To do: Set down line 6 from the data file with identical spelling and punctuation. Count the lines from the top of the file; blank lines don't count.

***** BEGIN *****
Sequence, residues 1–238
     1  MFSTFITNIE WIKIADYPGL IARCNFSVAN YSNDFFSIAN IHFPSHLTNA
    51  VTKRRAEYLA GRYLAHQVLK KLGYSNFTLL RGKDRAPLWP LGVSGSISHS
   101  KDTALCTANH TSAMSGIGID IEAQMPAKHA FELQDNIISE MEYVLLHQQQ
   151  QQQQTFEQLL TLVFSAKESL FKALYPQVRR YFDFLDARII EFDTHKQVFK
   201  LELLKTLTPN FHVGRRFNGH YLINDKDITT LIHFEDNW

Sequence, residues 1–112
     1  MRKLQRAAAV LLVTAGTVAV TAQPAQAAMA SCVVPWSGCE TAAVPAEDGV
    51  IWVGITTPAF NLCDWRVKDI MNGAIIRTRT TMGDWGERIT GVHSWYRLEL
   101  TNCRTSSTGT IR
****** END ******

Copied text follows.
   201  LELLKTLTPN FHVGRRFNGH YLINDKDITT LIHFEDNW